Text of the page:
Out of 2,730 patients screened 1,180 MS (67.1% females; mean age 41.2 ± 12.9) satisfied the inclusion criteria and were enrolled for the study (Table 1, Figure 1). The mean age at MS diagnosis was 32.8 ± 17.5 years with a median observation period of 9.1 years and 8,338 person-years (2,702.2 in males and 5,636.0 in females). Demographic characteristics and clinical features of studied patients were summarized in Tables 1, 2.
We found 36 cancers in 36 patients (3.1% of enrolled population). Global SIR of 1.18 (CI 95% 0.78–1.58) was obtained. Stratifying for age and sex, we found a significantly higher risk in men with the range age 20–50 years (2.84; CI 95% 1.59–4.09) and in women over 50 years (1.82; CI 95% 1.08–2.55) (Table 3).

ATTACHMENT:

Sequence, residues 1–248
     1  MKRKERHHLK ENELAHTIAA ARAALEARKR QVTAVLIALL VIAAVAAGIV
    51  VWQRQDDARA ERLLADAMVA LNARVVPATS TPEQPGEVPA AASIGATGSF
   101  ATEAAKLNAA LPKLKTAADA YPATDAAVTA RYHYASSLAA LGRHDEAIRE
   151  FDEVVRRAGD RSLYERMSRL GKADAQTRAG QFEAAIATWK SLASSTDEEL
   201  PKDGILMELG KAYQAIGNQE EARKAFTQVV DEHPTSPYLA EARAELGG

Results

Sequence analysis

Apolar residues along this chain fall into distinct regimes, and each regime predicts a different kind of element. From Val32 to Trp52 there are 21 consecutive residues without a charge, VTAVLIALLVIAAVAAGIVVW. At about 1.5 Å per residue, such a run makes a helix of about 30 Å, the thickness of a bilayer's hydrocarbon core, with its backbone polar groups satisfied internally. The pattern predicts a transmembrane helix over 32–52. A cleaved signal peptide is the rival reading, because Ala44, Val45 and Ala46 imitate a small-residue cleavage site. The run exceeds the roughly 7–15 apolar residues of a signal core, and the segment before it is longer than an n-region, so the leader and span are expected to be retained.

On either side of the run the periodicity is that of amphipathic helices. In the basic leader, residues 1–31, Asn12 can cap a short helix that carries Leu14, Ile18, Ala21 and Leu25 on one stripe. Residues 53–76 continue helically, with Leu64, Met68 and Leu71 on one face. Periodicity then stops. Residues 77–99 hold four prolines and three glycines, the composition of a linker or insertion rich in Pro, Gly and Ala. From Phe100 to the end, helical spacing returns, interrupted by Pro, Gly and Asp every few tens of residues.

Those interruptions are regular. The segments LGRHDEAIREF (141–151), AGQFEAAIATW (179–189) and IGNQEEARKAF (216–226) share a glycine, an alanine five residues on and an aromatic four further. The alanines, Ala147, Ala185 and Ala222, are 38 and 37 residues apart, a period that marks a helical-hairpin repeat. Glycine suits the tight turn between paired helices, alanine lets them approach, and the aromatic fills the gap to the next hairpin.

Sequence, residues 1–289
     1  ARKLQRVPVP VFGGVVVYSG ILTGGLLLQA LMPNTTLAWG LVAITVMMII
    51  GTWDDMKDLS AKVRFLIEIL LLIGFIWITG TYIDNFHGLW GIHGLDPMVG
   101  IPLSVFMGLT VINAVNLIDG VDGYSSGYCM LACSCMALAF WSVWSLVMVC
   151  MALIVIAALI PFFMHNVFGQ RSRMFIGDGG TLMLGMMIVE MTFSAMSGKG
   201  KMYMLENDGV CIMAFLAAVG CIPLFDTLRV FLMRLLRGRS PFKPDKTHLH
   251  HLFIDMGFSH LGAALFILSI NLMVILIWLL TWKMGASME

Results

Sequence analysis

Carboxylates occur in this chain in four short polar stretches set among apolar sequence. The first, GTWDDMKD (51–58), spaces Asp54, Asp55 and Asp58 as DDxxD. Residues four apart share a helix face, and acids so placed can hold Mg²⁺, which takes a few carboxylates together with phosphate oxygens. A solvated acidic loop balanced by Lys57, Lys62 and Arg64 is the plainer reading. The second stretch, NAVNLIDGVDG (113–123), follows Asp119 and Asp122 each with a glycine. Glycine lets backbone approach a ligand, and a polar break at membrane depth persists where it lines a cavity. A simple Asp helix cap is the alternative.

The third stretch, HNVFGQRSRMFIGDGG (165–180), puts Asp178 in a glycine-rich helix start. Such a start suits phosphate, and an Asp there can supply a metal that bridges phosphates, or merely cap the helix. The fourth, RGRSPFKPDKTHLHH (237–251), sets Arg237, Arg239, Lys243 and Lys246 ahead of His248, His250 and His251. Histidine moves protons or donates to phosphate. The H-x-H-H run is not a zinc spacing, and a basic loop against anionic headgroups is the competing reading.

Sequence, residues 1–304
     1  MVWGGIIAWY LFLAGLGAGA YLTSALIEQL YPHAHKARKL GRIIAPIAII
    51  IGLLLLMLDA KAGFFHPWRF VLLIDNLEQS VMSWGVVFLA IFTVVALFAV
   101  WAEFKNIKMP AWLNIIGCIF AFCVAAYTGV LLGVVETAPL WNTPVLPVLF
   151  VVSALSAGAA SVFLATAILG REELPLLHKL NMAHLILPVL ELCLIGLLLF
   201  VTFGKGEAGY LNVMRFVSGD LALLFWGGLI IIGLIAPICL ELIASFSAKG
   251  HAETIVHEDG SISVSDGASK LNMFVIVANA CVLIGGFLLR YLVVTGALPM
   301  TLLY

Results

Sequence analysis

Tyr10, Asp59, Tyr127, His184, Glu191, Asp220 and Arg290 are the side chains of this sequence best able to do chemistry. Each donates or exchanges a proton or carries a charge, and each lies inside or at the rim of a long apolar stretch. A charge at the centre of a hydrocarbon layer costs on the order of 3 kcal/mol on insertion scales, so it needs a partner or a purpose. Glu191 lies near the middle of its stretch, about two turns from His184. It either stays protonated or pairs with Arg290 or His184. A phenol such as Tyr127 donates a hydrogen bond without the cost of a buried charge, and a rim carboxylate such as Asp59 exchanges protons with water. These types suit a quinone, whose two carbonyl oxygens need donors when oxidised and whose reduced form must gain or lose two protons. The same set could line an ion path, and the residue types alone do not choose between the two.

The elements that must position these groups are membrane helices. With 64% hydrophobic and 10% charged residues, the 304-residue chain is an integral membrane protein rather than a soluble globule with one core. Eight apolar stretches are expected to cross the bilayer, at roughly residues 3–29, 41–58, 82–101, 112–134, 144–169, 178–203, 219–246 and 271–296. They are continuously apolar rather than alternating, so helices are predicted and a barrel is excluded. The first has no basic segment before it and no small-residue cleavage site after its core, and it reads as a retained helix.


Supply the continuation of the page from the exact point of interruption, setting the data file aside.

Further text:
About the 36 cancers, 8 (22.2%) were primary located in the genitourinary system (all bladder cancers), 6 (16.7%) thyroid cancers, 6 (16.7%) were colon cancers, 5 (13.9%) were of the CNS, 5 (13.9%) were lymphomas, 4 (11.1%) were breast cancers and 2 (5.6%) were melanomas. Further analyses with respect to the cancer sites in MS patients resulted in an increased risk of genitourinary cancer [SIR = 1.65 (95% CI, 1.34–2.35)], and for thyroid cancer [SIR = 1.32 (95% CI, 1.03–2.49)], but not for breast cancers [SIR = 1.17 (95% CI, 0.98–2.42)] and cancers which are located in nervous system [SIR = 1.03 (95% CI, 1.01–5.05)].
Patients with cancer were older than others (49.3 ± 15.6 vs. 33.1. ± 9.9, p < 0.001), with higher age at MS onset (37.0 ± 18.3 vs. 28.4 ± 16.6, p < 0.005). Moreover, MS patients with cancer had longer MS disease duration, worse disability (higher mean EDSS), that is an increased percentage of patients who got EDSS 4.0 (47.2 vs. 27.3%, p < 0.05) which means a limitation in ambulation (Tables 1, 2).